For those of you familiar with the Recovery Console in XP, it has been replaced by the Windows Recovery Environment (WinRE). WinRE is a recovery platform based off the Windows Preinstallation Environment (WinPE), the core deployment foundation for Vista. WinRE has two primary functions, that of diagnosing problems using the Startup Repair tool (discussed earlier in this chapter) and providing a platform for advanced recovery tools, according to the WinRE team
. You can read their postings for some great information. Using the WinRE is easy enough. You boot up your Vista installation disk (or ISO). You will be asked to select a language, time, and so forth. When you see the button labeled Install, you can look to the bottom-left corner for the option to Repair Your Computer.
This takes you into the System Recovery Options (that we mentioned earlier for memory diagnostics and Startup Repair).
Windows PE 2.0
The Windows Pre-installation Environment (WinPE 2.0) is a tool that enables you to boot the PE operating system, which is a mini-OS that allows you to handle installation, diagnostic troubleshooting, and recovery solutions for Vista. Some say WinPE is super-DOS. It's not DOS; it's more like Son-of-DOS, so call it SOD if you like. When you load the WinRE options of the Vista DVD, it is actually running WinPE as the underlying OS. The same is true when you start the installation from the DVD. But you can actually make your own boot CDs or boot from a USB flash drive.
To begin, you should download the Windows Automated Installation Kit (Windows AIK) from Microsoft. Be sure you obtain the one from the final Vista release (in the event you are downloading or borrowing the kit from another source). The Windows AIK includes tools you need for deployment, as well as ones for creating the boot environment for WinRE. One of the most important tools you will need is imagex.exe, a command-line tool used for capturing, modifying, and applying installation images.There is quite a bit of documentation to go through to fully understand the new deployment and troubleshooting tools, but it is worth it to keep your system humming along. But to understand the following discussions, you need to at least understand the basics.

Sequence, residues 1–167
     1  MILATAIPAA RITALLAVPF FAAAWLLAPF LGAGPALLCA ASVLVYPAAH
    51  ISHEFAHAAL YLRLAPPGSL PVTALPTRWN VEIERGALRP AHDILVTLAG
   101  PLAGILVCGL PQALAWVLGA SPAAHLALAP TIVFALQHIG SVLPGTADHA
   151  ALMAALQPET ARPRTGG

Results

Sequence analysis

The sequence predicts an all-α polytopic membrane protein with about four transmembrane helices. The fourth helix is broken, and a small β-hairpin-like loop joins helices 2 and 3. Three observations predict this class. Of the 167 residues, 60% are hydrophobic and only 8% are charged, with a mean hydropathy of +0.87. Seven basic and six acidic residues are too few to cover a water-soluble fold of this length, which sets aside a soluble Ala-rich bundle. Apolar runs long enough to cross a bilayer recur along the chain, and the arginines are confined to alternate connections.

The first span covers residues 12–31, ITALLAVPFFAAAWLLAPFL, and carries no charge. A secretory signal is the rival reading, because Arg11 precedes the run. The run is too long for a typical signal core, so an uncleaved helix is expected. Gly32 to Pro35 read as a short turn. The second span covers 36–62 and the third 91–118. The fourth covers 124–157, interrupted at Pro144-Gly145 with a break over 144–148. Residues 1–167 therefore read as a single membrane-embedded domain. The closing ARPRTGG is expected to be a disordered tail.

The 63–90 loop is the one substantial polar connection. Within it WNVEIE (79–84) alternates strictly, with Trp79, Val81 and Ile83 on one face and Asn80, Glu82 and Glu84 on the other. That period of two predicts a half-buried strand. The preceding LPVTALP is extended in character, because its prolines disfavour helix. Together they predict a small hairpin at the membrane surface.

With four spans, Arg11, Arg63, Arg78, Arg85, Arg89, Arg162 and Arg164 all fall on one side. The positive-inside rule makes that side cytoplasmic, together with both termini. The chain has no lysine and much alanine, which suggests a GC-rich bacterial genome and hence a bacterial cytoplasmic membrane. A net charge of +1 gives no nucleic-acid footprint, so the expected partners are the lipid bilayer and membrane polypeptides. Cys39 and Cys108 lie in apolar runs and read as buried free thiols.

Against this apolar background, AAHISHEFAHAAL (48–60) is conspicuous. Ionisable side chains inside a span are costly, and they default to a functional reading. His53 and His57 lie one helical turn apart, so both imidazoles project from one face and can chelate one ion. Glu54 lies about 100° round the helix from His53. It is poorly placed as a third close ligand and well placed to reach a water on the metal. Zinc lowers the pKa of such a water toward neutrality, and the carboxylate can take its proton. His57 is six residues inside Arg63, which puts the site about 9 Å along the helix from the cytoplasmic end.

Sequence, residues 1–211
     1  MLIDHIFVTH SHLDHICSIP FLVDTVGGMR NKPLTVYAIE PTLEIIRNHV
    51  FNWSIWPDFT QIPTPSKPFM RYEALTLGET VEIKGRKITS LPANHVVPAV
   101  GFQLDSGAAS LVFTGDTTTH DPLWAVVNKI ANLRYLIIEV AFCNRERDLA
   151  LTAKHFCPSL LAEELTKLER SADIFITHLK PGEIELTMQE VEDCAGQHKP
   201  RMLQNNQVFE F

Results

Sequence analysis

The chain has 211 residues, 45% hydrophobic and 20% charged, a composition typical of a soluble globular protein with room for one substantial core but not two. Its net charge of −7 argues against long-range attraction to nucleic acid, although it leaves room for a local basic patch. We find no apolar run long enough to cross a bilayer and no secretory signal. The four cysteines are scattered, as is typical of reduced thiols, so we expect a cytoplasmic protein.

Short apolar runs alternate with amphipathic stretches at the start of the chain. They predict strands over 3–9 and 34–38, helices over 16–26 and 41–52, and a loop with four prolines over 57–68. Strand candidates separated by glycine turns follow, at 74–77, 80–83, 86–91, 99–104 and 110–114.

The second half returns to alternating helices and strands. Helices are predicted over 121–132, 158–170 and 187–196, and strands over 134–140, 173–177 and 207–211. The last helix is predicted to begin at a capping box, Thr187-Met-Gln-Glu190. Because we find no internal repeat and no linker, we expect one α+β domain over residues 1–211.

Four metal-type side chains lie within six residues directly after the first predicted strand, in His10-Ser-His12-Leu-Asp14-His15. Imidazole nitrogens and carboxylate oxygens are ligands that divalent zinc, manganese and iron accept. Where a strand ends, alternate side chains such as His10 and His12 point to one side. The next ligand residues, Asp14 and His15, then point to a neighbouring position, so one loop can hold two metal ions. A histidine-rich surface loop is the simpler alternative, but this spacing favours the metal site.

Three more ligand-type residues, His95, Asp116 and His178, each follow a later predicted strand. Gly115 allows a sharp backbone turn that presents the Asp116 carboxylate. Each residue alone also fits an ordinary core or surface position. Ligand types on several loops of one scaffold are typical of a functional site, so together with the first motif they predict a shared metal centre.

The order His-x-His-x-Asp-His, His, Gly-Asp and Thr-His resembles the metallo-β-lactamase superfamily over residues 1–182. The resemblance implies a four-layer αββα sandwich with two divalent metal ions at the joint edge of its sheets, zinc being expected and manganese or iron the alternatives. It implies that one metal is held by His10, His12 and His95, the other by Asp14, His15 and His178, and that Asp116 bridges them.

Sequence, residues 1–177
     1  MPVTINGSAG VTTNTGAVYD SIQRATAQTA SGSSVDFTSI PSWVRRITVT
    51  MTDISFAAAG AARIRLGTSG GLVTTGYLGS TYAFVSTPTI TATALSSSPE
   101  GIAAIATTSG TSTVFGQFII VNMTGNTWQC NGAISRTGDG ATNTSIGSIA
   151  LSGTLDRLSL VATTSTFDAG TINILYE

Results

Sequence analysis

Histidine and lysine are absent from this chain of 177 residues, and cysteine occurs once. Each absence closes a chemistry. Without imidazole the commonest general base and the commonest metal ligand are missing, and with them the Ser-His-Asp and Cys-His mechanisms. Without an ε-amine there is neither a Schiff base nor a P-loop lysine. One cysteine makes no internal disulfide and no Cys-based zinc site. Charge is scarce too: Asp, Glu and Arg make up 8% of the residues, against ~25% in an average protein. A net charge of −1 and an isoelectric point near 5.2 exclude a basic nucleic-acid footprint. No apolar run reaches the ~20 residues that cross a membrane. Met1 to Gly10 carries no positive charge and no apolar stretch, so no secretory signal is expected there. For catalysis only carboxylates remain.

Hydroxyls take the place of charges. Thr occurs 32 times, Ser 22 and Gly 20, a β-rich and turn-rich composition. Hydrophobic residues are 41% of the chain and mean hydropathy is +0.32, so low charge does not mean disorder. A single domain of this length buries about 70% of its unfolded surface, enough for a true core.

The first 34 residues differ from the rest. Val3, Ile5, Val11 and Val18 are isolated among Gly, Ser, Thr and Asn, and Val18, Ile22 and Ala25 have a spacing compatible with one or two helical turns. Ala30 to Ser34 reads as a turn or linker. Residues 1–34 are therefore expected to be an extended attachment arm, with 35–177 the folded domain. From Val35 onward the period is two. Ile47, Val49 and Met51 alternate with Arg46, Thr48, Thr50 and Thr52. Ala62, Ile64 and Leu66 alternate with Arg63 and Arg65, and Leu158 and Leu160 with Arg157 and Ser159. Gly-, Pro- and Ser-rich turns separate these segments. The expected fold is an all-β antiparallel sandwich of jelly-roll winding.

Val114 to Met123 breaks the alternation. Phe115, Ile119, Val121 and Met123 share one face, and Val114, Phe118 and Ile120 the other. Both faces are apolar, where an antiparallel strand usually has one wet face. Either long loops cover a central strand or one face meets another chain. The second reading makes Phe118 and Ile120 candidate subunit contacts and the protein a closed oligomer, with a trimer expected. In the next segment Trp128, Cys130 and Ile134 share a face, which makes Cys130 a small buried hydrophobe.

The Basic Tools of WinPE
After you install the Windows AIK, the tools you need will be in those folders. If you don't want to remember all the paths, you can make a quick edit in your system's environment variables to include the paths. To do this, open your System properties, select the Advanced tab, and click the Environment Variables button. For the system variables you want to add to the path variables, be sure to include the paths you need. For the following examples, you add the following two paths:
C:Program FilesWindows AIKToolsPETools
C:Program FilesWindows AIKToolsx86
Some of the tools mentioned include the following:
CopyPE: Run the copype.cmd script to automatically create a local Windows PE build directory. The script is located in the PETools folder. The script requires two arguments: hardware architecture and target location:
copype.cmd <arch> <destination>
Where <arch> can be x86, amd64, or ia64 and <destination> is a path to a local directory. For example:
copype.cmd x86 c:winpe_x86
(Don't create the folder ahead of time because the tool creates the folder for you.) The script creates the following directory structure and copies all the necessary files for that architecture:
imagex: This tool is the mega-tool. It is "the" tool for creating and reconfiguring, as well as applying, .wim files. Some have compared this tool to an advanced .zip-ping tool, and it is in some ways. You can take files, or your entire system, and pull it into one .wim file. You can also compress that file. It looks at the .wim file as a directory so you can add to it any parts that are missing. One example of the capabilities of imagex can be seen just by looking at the install.wim for Vista. For starters, it's a 2GB+ file that expands out to be about 8GB. That speaks volumes for imagex's capabilities. OEMs can use this to open their Vista images, input their own Welcome Center information and other restore features, and close them again.
PEImg: After you use imagex to expand a Windows PE structure, you can use PEImg to make changes to Windows PE, such as installing packages, drivers, and language packs.
OsCDimg: Lets you take your .wim files and make them ISO files. After they're in ISO format they can be burned onto a CD to make them bootable.
Diskpart This is a command-line tool for disk management. You use this tool in preparing your keychain drive for it to be a bootable tool later.
Printed with permission from Que Publishing.
This was first published in July 2007